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Medal of Honor Recipient Gives Us Thanks

Mike Langlois | Thursday June 17, 2021

During the 2021 Spring IDN Summit On-Site Experience, I had the opportunity to hear Kyle Carpenter’s Inspirational Keynote. Kyle is the youngest Medal of Honor recipient, an honor he received for his bravery and sacrifice during his deployment in Afghanistan. When his squad was attacked by Taliban forces, Kyle threw himself on a grenade to save a fellow Marine. The lessons he learned during his recovery provide incredible insights into life, love, and country.

 

If you have time, I highly recommend you watch this keynote. You can access the keynote recording here with the password “SPRING2021” for a limited time.  Below are a few of my takeaways:

 

  1. Journey of Self-Discovery: Perspective

I was struck by Kyle’s gratitude as he reflected on his long road to recovery. He discussed his life lessons that shaped his perspective. His thoughts on perspective remind us to be grateful for all experiences, both positive and negative.

 

  1. We All Have a Journey

I thought the concept that we all have journeys and we’re in it together was particularly relevant to healthcare. Whether we’re supply chain leaders, clinicians and nurses, C-suite executives, or support staff, we all have an interconnected role to play in improving patient outcomes.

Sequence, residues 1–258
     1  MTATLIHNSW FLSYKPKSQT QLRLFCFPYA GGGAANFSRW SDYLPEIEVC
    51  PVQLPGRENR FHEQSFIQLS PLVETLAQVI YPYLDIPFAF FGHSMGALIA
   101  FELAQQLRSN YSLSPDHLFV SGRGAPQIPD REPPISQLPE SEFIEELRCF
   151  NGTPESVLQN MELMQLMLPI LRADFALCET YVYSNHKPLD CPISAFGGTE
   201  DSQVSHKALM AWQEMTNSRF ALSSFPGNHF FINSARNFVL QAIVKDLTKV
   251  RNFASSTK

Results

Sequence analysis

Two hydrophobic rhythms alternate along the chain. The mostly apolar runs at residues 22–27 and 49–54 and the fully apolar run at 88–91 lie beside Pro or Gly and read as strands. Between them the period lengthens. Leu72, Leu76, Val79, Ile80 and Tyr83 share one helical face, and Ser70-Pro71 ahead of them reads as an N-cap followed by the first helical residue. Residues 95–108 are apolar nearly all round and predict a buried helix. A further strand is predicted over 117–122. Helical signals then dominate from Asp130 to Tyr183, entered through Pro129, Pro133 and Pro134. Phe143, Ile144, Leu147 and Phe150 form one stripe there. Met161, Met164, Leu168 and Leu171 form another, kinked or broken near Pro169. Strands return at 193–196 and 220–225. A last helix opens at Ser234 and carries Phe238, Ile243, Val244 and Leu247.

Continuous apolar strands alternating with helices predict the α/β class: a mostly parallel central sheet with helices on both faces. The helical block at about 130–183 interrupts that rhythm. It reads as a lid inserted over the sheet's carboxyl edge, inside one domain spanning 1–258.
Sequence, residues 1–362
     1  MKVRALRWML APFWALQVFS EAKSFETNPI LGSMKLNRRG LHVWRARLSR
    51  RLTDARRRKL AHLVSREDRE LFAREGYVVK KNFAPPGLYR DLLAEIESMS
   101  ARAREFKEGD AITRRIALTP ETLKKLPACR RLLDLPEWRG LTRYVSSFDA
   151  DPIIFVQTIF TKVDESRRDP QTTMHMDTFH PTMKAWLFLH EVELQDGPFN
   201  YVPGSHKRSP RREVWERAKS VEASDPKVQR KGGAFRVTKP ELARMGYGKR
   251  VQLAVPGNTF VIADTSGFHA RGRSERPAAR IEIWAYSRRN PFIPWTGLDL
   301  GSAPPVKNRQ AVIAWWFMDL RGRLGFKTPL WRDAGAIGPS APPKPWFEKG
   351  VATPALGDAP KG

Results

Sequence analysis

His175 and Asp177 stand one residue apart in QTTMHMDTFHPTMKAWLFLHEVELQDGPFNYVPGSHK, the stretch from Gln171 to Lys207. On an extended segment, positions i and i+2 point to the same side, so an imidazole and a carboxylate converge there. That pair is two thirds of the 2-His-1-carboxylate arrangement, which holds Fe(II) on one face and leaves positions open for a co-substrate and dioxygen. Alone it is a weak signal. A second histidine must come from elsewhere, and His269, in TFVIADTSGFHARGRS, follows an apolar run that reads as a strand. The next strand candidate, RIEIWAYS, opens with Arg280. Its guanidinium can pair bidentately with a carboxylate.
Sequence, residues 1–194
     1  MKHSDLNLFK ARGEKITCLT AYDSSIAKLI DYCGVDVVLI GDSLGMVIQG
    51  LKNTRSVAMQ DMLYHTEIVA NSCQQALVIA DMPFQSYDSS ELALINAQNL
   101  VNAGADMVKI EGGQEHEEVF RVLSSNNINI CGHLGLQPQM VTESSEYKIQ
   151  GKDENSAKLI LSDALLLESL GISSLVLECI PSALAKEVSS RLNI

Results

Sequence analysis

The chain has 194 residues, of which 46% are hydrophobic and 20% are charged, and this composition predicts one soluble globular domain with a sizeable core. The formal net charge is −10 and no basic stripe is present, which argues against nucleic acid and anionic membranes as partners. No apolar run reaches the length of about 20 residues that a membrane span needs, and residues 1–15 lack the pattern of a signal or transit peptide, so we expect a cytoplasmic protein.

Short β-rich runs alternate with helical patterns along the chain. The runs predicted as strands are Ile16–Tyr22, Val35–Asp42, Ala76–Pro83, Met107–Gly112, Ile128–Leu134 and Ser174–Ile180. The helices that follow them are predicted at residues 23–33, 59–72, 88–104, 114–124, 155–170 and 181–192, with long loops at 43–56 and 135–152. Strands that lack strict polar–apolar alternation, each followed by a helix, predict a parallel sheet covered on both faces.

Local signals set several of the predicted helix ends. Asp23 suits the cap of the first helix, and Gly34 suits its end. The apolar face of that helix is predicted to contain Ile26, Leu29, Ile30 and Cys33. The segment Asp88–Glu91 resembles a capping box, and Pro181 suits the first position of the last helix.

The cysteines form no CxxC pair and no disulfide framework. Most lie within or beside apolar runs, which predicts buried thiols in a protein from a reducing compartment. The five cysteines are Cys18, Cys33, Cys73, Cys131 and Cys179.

1. “The Smallest of Steps Completes the Grandest of Journeys”

Kyle shared one of his favorite lines in his book, You Are Worth It: Building a Life Worth Fighting For, during his speech. As supply chain leaders, the impact of behind-the-scenes work is not always visible. However, the many small actions we take each day leads to improved patient care and better outcomes in the future.

 

  1. Our Struggles Connect Us

Kyle shared two “lightbulb moments,” where he met individuals whose experiences were similar yet different from his experiences. Their struggles helped them relate to each other. We’ve all struggled throughout the COVID-19 pandemic yet felt the impact differently. As we develop a more collaborative healthcare environment, we can draw on this shared experience to relate to each other.

Before concluding his keynote, Kyle stopped and very deliberately thanked all in attendance for their participation in helping with his recovery. Although he had had the opportunity to thank his direct caregivers during his recovery, he had not had the opportunity to thank those working behind the scenes.

 

It was a touching and humbling moment for me. Throughout the COVID-19 pandemic, we heard about many of the public-facing essential workers, but the healthcare supply chain also deserves recognition. As Kyle’s story illustrates, we have been an essential part of healthcare long before anyone heard of coronavirus.

 

I know I’ve written about this before, but Kyle’s recognition moved me to again remind all of us that although we work mostly behind the scenes, it is so important to keep the patients at the forefront of the hearts and minds of supply chain team members because we provide patient care.

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